Albums of the Kesh.
Bad Co./Bad Company-1974
In a year that brought us such melodic masterpieces like Wear It’s At by The Rubettes and the master-ful eponymous Quatro, 1974 can be remembered as one of the halcyon times for outstanding albums. Think Court and Spark/Joni Mitchell—461 Ocean Boulevard/Eric Clapton—Diamond Dogs/Bowie—Planet Waves/Dylan—On The Beach/Neil Young—or perhaps one of the greatest live albums of all time-It’s Too Late To Stop Now by Van Morrison. We layabouts in Compound 11 were certainly spoiled for choice and rather cash strapped laying out all those £2:20’s. In between all the boot bulling-drilling-lectures-cleaning-route marching-exercising and protesting sometimes we were lucky enough to book an hour on the Dansette in the study hut to spin out personal favourites. It has been well documented before that many albums were synonymous with Long Kesh…and by this time those that were most favoured would have been Tubular Bells—Dark Side of the Moon—Band on the Run and for the older generation known as the Sad Sacks—Porter Wagoner’s Greatest Hit or the Worst of Charlie Pride. Albums like these, when being played always drew moans of despair from the younger prisoners and remarks about receiving free packets of blades with every album bought.
Bad Company was of course a manufactured band. Singer Paul Rodgers and drummer Simon Kirke from the wonderful Free plus Boz Burrell from King Crimson and Mick Ralphs late of Mott the Hoople. If the new amalgamation wasn’t being lauded as a new Supergroup-a la-Cream or to a certain extent CSNY– much was expected of them —-and they didn’t disappoint. Rodgers’s voice was a powerful fulcrum for the band. He epitomised rock and roll with his raunchy much imitated voice andwith the band signed to Swan Song records—Led Zeppelin’s label-they had truly arrived with a bang. The album-Bad Co.-was released early in 1974 with the first single coming right away. Can’t Get Enough of your Love remains the bands highest charting single. Although the song was credited to Mick Ralphs it could have been lifted straight from a Free back catalogue and rivalled Alright Now for intensity and rockability—testimony to Rodgers wondrous voice. Indeed, such esteem was he held in, that in between the breakup of Free and the formation of bad Company Rodgers was the number one choice to replace Jim Morrison as lead singer of the Doors after that talismans untimely death in July 1971.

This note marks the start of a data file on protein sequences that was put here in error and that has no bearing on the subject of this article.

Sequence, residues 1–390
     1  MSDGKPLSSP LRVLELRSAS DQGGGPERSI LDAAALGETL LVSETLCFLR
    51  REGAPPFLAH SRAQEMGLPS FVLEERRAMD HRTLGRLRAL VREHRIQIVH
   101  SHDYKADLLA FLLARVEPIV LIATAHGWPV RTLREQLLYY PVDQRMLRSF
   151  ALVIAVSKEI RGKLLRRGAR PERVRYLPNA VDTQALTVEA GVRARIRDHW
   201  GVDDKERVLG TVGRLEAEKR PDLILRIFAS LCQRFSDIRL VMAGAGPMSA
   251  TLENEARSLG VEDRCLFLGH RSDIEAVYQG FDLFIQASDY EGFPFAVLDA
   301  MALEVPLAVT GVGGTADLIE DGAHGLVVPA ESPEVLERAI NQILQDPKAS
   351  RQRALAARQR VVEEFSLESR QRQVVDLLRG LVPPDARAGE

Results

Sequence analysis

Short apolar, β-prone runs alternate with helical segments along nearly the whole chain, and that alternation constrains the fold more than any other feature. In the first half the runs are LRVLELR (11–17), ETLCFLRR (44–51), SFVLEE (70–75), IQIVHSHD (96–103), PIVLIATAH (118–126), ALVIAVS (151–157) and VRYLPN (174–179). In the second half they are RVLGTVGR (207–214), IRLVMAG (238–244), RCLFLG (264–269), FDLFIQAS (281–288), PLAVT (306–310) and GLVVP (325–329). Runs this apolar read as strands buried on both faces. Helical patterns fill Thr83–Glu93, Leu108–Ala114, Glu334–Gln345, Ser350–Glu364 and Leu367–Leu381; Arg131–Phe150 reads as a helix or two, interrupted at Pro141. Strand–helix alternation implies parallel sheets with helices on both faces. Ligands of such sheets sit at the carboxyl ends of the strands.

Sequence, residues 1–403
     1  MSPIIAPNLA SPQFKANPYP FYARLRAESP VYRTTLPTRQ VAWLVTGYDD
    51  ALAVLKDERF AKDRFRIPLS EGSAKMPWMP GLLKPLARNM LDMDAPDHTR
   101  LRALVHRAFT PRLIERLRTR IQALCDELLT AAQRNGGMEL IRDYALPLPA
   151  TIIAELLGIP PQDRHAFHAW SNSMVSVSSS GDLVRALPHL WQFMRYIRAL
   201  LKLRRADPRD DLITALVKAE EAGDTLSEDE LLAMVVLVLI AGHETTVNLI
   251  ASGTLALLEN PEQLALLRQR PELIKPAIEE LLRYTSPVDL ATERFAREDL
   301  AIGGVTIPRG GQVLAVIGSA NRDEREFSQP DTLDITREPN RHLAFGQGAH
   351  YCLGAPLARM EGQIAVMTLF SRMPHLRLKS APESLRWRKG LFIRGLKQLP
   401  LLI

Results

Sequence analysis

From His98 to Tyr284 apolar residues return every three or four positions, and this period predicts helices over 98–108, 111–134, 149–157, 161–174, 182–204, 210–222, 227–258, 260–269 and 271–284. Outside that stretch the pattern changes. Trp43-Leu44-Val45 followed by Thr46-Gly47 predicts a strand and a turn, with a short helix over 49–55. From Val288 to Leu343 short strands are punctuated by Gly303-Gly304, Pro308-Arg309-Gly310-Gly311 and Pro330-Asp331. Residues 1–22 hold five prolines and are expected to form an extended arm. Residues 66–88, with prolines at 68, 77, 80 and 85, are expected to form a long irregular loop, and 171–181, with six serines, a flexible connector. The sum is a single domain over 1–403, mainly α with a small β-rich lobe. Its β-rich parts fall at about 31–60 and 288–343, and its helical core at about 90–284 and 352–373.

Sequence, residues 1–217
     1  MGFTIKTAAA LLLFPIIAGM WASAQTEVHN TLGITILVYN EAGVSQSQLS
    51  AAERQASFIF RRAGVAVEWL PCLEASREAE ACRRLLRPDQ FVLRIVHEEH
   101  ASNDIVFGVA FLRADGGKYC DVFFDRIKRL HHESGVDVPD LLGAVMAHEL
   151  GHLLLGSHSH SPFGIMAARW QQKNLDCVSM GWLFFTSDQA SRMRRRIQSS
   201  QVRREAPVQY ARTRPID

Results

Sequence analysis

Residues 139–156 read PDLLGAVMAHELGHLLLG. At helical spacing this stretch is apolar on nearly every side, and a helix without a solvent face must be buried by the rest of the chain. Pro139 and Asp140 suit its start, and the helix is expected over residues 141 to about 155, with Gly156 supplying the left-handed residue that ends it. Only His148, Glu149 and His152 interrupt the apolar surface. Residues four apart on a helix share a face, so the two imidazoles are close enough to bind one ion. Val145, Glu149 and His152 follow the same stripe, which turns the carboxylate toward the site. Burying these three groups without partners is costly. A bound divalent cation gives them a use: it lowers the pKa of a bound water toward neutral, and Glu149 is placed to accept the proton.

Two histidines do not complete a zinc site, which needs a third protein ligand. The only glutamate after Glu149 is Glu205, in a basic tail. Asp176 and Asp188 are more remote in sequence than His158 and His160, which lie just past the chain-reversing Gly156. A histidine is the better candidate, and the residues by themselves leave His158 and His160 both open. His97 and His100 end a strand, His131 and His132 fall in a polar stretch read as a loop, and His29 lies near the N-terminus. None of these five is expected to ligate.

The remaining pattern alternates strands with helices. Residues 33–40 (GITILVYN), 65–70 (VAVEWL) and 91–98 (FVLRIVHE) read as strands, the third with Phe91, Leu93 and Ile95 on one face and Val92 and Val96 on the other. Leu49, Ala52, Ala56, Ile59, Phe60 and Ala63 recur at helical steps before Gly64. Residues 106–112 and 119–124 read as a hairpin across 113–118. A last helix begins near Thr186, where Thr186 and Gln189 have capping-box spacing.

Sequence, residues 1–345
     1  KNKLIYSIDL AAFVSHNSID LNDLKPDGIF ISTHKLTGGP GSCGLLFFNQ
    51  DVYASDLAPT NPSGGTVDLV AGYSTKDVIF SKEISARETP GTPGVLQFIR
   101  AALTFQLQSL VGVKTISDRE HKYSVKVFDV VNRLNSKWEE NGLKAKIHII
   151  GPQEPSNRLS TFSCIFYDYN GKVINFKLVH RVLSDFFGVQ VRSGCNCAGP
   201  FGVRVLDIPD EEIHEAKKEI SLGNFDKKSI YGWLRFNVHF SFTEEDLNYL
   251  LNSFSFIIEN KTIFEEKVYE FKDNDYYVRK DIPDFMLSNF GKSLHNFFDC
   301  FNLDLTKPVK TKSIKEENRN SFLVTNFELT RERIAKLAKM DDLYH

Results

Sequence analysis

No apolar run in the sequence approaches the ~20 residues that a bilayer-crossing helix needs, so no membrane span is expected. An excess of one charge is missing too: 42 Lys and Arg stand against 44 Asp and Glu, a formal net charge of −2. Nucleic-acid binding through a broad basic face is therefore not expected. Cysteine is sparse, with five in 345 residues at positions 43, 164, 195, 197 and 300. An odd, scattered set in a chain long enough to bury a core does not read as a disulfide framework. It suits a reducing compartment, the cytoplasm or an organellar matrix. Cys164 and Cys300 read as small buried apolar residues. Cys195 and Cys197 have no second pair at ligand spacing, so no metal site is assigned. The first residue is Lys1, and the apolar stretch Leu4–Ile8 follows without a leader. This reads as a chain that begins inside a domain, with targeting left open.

Bad Co. Was much played in Eleven that summer and for many of us was a great antidote to the saccharin sweet drivel that plagued the charts. By the following year the same line up would regale us with another masterpiece-Straight Shooter complete with my personal favourite Paul Rogers lyric—“Johnny was a schoolboy when he heard his first Beatle song—Love Me Do I think it was……… “. In 1976 they released their third album—Running With the Pack. This album was a particular favourite for one of my closest friends—in Cage 21—who used it for the next 12 years as a writing pad when composing letters home. The myriad of inscriptions on it over all of those years would have given a cryptographer a few nights overtime in Bletchley Park, attempting to decipher the modern day hieroglyphics. Both were great albums with some exceptional tracks but the immediacy of Bad Co. ensured that this was the album we—of a certain age and disposition—would remember them by. We watched in wonder when we seen them on television performing on of their classic tracks..we dreamed of the day when we could wear those tight fighting loons, and platform shoes—rather than the quasi paramilitary garb we were now used to—to be allowed to grow our hair to almost unmanageable lengths rather than the short back and sides that was now regulation fare. The music alone was what made us semi-rebels—and that was as good as it got.